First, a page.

# Browsing by Subject "fractals"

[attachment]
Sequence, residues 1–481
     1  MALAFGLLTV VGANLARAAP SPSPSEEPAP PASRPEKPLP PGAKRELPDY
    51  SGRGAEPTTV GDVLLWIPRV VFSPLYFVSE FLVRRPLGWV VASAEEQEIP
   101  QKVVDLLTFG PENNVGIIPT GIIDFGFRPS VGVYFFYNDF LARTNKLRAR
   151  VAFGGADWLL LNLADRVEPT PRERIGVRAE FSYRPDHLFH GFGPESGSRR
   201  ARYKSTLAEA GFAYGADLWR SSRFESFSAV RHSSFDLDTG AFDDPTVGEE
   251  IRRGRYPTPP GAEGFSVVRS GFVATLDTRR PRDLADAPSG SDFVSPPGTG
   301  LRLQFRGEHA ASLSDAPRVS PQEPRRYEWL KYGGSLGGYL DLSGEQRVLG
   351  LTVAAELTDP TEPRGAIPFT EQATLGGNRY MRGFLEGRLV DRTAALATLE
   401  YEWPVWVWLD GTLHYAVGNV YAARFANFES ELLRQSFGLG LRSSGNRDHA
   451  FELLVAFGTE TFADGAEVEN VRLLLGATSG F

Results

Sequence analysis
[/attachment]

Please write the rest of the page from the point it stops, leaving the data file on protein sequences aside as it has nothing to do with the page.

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Item Chaotic scattering in a molecular system(2009-02) Barr, Alex M.; Na, Kyungsun; Reichl, L. E.; Jung, Christof; Barr, Alex M.; Na, Kyungsun; Reichl, L. E.Show more We study the classical dynamics of bound state and scattering trajectories of the chlorine atom interacting with the HO molecule using a two-dimensional model in which the HO bond length is held fixed. The bound state system forms the HOCl molecule and at low energies is predominantly integrable. Below dissociation a number of bifurcations are observed, most notably a series of saddle-center bifurcations related to a 2:1 and at higher energies 3:1 resonance between bend and stretch motions. At energies above dissociation the classical phase space becomes dominated by a homoclinic tangle which induces a fractal distribution of singularities in all scattering functions. The structure of the homoclinic tangle is examined directly using Poincare surfaces of section as well as indirectly through its influence on the time delay of the scattered chlorine atom and the angular momentum of the scattered HO molecule.Show more Item Effect of pore structure on capillary condensation in a porous medium(2009-02) Deinert, M. R.; Parlange, J. Y.; Deinert, M. R.; Deinert, M. R.Show more The Kelvin equation relates the equilibrium vapor pressure of a fluid to the curvature of the fluid-vapor interface and predicts that vapor condensation will occur in pores or irregularities that are sufficiently small. Past analyses of capillary condensation in porous systems with fractal structure have related the phenomenon to the fractal dimension of the pore volume distribution. Recent work, however, suggests that porous systems can exhibit distinct fractal dimensions that are characteristic of both their pore volume and the surfaces of the pores themselves. We show that both fractal dimensions have an effect on the thermodynamics that governs capillary condensation and that previous analyses can be obtained as limiting cases of a more general formulation.Show more Item Modeling the growth of streamers during liquid breakdown(IEEE, 2008-04) Hebner, R.E.; Kim, M.; Hallock, G.A.Show more Earlier work by Fowler, Davaney, and Hagedorn showed that the morphology of an anode streamer could be modeled as stochastic growth of a branching fractal tree in point-plane geometry. This investigation reproduces the results of that earlier study. Because one of the concerns about the earlier work is that the electric field dependence appeared to be unphysical, the model was modified to operate under assumptions that are consistent with those that have proven useful in earlier investigations. Specifically, linear electric field dependence was assumed and there is an assumed variability in the number density of available electrons. Computations using this assumption also produce the same range of morphologies that has been measured in experiments. In addition, some assessments of sensitivity to other possible variables are made. First, the sharp cutoff in the electric field strength is replaced with a presumably more realistic exponential dependence on energy. Under this assumption, it is also possible to simulate the experimentally observed behavior of anode streamers. It is shown that three possible refinements to the model have small, and likely negligible, effects. The first is using variable streamer step lengths in the calculation rather than the fixed step length used in the earlier work. The second is to assume growth at one point in the streamer makes growth in other parts somewhat less likely. The third is the assumption that the probability of a streamer making the next step in growth is influenced by the distance of the inter-electrode gap that has already been traversed.Show more Item Stochastic Modeling of Streamer Transitions(IEEE, 2008-10) Kim, M.; Murphy, B.; Hebner, R.E.Show more Simulations of the growth of streamers using a model based on the stochastic growth of a branching fractal tree have shown good fidelity in matching the morphology of streamers in liquids. An important aspect that has not yet been simulated is the transition between Type 1 and Type 2 streamers. This work explores the effect of a variation of the applied voltage during streamer growth as well as the effect of differing amounts of available electrons during growth. Neither of these assumptions produced the experimentally observed transitions. These results produced a possible approach that could modify the step length in the simulation in relation to the electric field that may trigger the transition. It also points out that the transition might be due to hydrodynamic instabilities that are not captured by the model.Show more